Join Lori Mackenzie for an in-depth discussion in this video Form a posse, part of Women Transforming Tech: Breaking Bias.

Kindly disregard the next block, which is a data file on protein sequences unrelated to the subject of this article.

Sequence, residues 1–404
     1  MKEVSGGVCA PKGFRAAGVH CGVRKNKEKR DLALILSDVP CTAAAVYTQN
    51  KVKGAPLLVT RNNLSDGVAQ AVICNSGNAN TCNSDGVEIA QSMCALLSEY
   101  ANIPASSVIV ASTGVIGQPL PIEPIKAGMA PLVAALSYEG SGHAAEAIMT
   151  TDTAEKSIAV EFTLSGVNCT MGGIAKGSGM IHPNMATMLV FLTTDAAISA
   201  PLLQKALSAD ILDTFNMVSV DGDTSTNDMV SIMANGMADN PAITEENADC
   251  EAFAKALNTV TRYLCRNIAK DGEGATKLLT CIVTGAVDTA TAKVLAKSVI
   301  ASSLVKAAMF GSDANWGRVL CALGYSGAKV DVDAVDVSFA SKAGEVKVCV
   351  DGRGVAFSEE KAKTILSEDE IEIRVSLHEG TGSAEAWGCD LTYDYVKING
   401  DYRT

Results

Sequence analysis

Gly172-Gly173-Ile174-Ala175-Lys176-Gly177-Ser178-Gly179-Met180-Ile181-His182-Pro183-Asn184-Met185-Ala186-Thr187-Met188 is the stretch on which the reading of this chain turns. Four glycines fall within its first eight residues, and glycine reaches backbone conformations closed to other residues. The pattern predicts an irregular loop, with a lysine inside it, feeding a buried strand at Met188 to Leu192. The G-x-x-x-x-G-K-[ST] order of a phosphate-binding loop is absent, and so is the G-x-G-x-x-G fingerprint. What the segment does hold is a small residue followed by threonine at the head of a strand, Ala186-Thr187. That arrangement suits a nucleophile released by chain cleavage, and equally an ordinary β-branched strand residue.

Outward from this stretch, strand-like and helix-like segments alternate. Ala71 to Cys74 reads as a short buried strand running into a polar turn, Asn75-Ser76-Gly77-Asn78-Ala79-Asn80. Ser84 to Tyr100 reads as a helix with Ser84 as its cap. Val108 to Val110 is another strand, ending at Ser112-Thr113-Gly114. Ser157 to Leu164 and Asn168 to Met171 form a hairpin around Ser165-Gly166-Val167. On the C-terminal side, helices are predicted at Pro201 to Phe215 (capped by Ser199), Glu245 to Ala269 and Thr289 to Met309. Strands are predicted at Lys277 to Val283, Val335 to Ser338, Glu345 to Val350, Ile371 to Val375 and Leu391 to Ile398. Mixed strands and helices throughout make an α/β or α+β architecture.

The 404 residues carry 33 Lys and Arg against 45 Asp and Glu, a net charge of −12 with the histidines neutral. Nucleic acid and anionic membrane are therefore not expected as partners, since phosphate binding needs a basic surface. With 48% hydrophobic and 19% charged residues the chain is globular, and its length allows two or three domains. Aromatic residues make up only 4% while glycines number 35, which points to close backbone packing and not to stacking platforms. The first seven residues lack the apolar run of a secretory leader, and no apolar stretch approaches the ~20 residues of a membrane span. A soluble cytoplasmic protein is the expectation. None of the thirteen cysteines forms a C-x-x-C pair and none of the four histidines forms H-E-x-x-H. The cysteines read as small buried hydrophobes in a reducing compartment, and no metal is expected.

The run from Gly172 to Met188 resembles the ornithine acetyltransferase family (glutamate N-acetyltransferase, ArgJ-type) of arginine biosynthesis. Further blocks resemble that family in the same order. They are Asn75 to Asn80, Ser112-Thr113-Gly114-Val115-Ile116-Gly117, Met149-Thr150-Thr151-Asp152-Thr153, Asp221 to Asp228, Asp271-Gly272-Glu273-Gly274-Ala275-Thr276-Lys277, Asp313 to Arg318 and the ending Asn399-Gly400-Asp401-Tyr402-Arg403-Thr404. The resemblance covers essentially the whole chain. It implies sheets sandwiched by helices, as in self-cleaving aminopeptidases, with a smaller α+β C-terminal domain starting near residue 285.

- One of the thing that I've learned from my mentors, Maggie Neale, who's a Professor of Negotiation at Stanford, is that woman can be great negotiators. It turns out, when we negotiate communally, that is, we negotiate on behalf of the project, of the team, of our organization, we're less likely to get pushed back and we're more likely to get more of what we want. In fact, when I negotiate, I not only think about being communal, I think I'm negotiating on behalf of something. It turns out woman are around 25% more effective when we negotiate on behalf of others. So I use that on myself saying, "Maybe I want a little bit more, maybe I want a raise, "maybe I want a promotion, maybe I want a more resources." Maybe I'm afraid to ask for myself, even though I know that's the right thing. But I'm not afraid to ask on behalf of my family, my team, woman more broadly. So I use this idea of negotiating on behalf of others to help embolden me and to make those asks and to do it communally on behalf of my team to get more of what I think is important in my organization. So an idea I often recommend is forming what you might call a posse. A group of people that loves to advocate for you. So when people doubt whether you're strategic, visionary, or game-changing, they can say it for you. "Remember, Laurie put together that proposal, "she had a vision for where we're going to go." So they can advocate for you even though it might be hard for you to do. And then you get to do it for them and make sure that all the women and people that you want to support in your organization are seen for their true value and contributions. That's something you can do through a posse or a group supporting one another. People often ask, "How do you find those people?" Sometimes they can be found through great groups like women in technology groups, going to Grace Hopper, finding people that you happen to have a lot of common interests in. It could be your starting class. For example, if you have a new employee orientation, those might be the people. Now, how do you get them to be part of our posse? That might be another question. Often if starts with just asking some questions. Being curious. "Have you noticed that sometimes there's research on bias, "and it shows that woman might experience "some of these disadvantages. "If that's the case, would you like to work with me on that, "and find more ways that we can support each other "so that bias doesn't affect "how we are seen in our organization."